The final few days mainly involved me fixing minor bugs, adding really minor features, and adding tons, and tons of code comments and documentation. And then 4 weeks were up! The first internship was done.

While I was gone, I got back emails and texts saying that the QA tool was still being used. I really reflected on how great this internship was, and although there were some flaws, I was still really proud of myself.


And cue 2019, I needed an internship over the summer. Turns out I really love keeping things the same (this also explains why I got the same lunch, at the same place, every day, 19 times in a row (I also started eating lunch this year…I might have forgot that last year)), so I went back. Great decision, since the QA tool was a mess. It needed to be fixed.

The issue? Numbers were way, way, way off. The QA tool itself keeps a total number of deployments count locally, but this number assumes that every device that was available at the start of QA is always available, and that every device could be deployed to.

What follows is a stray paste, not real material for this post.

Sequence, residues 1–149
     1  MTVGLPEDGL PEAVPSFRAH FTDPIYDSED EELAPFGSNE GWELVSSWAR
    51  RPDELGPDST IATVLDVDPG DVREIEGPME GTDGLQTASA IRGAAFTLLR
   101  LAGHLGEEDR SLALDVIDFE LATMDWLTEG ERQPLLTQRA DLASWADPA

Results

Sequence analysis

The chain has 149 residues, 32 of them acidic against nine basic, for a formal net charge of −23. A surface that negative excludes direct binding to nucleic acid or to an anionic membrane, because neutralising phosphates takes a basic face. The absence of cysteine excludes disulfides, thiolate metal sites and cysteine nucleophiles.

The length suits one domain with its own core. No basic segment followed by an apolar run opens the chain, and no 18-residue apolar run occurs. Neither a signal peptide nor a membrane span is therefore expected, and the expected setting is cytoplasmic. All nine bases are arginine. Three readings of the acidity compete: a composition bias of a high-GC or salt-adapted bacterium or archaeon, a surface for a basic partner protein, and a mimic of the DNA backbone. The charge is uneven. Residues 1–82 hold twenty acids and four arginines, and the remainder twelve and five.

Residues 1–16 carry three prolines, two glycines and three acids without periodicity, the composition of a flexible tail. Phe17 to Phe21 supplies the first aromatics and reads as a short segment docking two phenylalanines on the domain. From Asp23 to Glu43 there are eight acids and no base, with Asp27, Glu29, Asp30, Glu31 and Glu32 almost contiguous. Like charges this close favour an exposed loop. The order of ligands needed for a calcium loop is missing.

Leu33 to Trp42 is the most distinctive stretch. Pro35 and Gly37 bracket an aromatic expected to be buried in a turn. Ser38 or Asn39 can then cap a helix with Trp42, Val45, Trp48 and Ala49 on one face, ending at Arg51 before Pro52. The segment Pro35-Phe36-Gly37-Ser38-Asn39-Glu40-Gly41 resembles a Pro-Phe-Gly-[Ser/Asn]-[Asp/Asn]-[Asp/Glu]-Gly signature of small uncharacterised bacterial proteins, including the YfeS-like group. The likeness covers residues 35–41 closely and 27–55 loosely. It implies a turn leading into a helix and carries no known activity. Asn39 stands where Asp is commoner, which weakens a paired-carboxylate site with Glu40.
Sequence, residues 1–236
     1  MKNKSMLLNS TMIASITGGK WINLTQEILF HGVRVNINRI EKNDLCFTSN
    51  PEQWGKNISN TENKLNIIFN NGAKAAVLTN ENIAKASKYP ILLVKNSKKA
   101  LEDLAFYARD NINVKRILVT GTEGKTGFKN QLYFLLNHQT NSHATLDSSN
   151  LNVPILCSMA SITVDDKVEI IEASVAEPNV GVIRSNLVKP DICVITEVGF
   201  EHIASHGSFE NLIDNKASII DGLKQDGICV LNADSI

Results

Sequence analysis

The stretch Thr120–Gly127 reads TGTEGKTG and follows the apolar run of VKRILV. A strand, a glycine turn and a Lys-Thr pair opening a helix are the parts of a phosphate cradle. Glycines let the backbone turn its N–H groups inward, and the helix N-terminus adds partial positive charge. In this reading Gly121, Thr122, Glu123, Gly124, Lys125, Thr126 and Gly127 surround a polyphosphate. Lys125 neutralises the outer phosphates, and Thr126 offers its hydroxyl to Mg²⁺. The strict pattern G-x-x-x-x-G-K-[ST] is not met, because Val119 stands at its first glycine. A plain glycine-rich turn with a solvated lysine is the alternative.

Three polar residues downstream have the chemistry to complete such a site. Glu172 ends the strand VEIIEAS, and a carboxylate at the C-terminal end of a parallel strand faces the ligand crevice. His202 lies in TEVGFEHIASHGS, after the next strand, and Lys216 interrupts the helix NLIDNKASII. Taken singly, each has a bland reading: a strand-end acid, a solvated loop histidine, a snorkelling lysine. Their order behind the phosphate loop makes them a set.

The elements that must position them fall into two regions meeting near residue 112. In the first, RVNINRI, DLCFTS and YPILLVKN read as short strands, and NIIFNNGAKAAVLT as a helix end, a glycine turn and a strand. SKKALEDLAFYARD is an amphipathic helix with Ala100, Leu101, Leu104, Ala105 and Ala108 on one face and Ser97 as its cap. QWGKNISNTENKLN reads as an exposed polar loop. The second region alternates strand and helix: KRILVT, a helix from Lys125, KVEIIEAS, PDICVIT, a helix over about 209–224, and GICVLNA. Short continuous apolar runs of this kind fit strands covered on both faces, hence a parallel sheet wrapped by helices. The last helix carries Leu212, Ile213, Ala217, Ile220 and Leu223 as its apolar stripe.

The first week back, my brain was in a swirl. How on Earth is it not counting properly? Are the thread checkers clashing with each other? No, but let’s add an exclusive lock just in case. Is the in operator in Python working? Yes, of course it is. What is returned as the deployment status?


Device could not be deployed to

Those 6 words that are returned took about 10-20 hours to fix. Then GC-QA became 250% more reliable.

And then came the wave of extra features that should have been implemented in GC-QA v1. Here are some cool features I added in 2019!

Emailing results! Actually a pretty cool feature! It uses Selenium, Firefox, the Mandrill API, and Geckodriver to work it’s magic. When I first started working on the emailing feature, I had a mini-relapse of my brain during GC-QA v1, since I had no idea what was going on. But, after a few days mail was being sent out of GC-QA like there was no tomorrow.

An actual logger! Yes, an actual logger. GC-QA v1 used if verbosity is True statements, now a full on logger is used…and it has file logging for easy debugging!